Being there means your brand cares.

March 23, 2010

By Michael Mark, Creative Director/CEO @ NYCA

A client looked me in the eyes this week and told me, “Michael, it’s better to be fast and wrong than slow and right.”

I think it was directional in nature. Still, it was quite a statement. It’s conceding that the speed needed to move at in today’s business environment is reaching a pace of acceptable recklessness.

Woody Allen said something like, “99 percent of success in life is showing up.” Not sure if it’s exactly how he said it, but you get the point: you don’t have to be perfect, just raise your hand and be counted all the time. That’s harder these days as there are so many places to be.

Reminds me of how my mother forced me to go to kindergarten even when I was absolutely dying from excruciating, intolerable, at-the-doors-of-death-pain with a tummy-ache. I didn’t do much schoolwork that day but the important part (to my mom and teacher – you can say, my customers) was that I was marked present. And being there, even physically wounded, counted more than being fully mentally present.

Today’s marketing environment is a great deal about brands being here and there. And these days, with the proliferation of .coms, social sites, applications, and meet-ups, there are so many more parties where one needs to be seen that you could well show up underdressed. What’s a brand to do?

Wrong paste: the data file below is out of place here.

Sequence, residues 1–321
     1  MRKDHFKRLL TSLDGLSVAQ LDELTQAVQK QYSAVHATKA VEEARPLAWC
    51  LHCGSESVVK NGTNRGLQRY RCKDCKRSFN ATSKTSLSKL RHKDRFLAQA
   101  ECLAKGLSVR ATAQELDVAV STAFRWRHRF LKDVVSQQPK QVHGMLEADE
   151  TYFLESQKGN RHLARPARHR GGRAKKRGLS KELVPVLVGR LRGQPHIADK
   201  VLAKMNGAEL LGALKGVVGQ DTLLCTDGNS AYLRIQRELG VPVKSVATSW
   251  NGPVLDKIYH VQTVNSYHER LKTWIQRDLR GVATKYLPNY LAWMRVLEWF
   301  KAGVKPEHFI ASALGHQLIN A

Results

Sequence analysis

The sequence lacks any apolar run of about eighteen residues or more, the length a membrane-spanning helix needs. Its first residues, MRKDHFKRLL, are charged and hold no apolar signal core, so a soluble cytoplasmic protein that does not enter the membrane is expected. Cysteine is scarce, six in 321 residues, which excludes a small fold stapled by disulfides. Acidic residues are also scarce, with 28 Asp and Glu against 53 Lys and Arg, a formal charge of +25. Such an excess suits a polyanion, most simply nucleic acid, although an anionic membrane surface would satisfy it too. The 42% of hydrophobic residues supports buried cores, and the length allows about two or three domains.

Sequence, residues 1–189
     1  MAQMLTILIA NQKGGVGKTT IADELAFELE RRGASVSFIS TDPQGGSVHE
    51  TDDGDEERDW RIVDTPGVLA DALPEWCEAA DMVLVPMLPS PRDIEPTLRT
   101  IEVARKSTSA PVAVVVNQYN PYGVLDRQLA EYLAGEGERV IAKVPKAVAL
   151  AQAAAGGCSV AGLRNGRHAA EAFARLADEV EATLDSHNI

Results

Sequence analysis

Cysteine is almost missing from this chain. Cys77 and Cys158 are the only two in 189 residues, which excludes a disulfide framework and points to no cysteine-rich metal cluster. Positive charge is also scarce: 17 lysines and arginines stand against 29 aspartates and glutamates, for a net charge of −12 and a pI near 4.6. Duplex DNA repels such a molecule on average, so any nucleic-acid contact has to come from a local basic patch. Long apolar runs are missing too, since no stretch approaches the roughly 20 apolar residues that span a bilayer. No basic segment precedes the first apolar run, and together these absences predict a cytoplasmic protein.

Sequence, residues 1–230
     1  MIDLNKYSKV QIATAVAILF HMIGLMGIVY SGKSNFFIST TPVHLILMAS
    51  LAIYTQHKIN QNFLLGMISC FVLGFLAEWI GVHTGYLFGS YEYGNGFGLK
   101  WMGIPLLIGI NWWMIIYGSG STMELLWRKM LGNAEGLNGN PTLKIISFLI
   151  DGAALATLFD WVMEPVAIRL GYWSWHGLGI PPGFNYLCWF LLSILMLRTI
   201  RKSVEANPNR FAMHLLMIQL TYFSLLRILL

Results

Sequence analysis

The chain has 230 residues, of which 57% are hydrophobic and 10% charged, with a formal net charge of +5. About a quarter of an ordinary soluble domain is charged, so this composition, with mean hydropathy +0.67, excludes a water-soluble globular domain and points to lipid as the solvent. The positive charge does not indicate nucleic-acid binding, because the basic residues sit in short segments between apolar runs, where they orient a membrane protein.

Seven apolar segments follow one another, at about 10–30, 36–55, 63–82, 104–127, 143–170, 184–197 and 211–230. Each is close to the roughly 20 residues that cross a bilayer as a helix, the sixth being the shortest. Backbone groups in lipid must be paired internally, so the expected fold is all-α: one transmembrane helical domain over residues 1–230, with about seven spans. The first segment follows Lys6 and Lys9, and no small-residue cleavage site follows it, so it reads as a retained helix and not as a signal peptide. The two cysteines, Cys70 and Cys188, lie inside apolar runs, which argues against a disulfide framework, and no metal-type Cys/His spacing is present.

The perfectionist’s motto, “measure twice, cut once,” has become: “cut, oops, cut better, oops, cut, repeat constantly, just keep cutting.”

Why such a rush? Is it worth it? Our successful customer is saying “Yes.” Because consumers have a seemingly all day and night hunger for content and they demand to be served promptly and frequently with constant feedback and the occasional coupon.

Like any close and good relationship, brands and consumers don’t get caught up in the small stuff. Mistakes are overlooked and, because we do move so fast, they are forgotten in a matter of several tweets.

Are we saying that quality isn’t as important as quantity? This makes me queasy but I think so. Quantity is taking precedence because touching all those touch points means you’re there for me in all these places, all the time, and the sum is: you care.

Now, of course, some mistakes are more grievous than others. Be sensible as you speed along, but keep that speedometer pressing on the red as we head to another party at which to be seen.

When he protested that Macintosh wasn’t ready yet to launch, Guy Kawasaki was assured by Steve Jobs, “Don’t worry, be crappy.” They launched and they made it better on the run. Quite a run it’s been.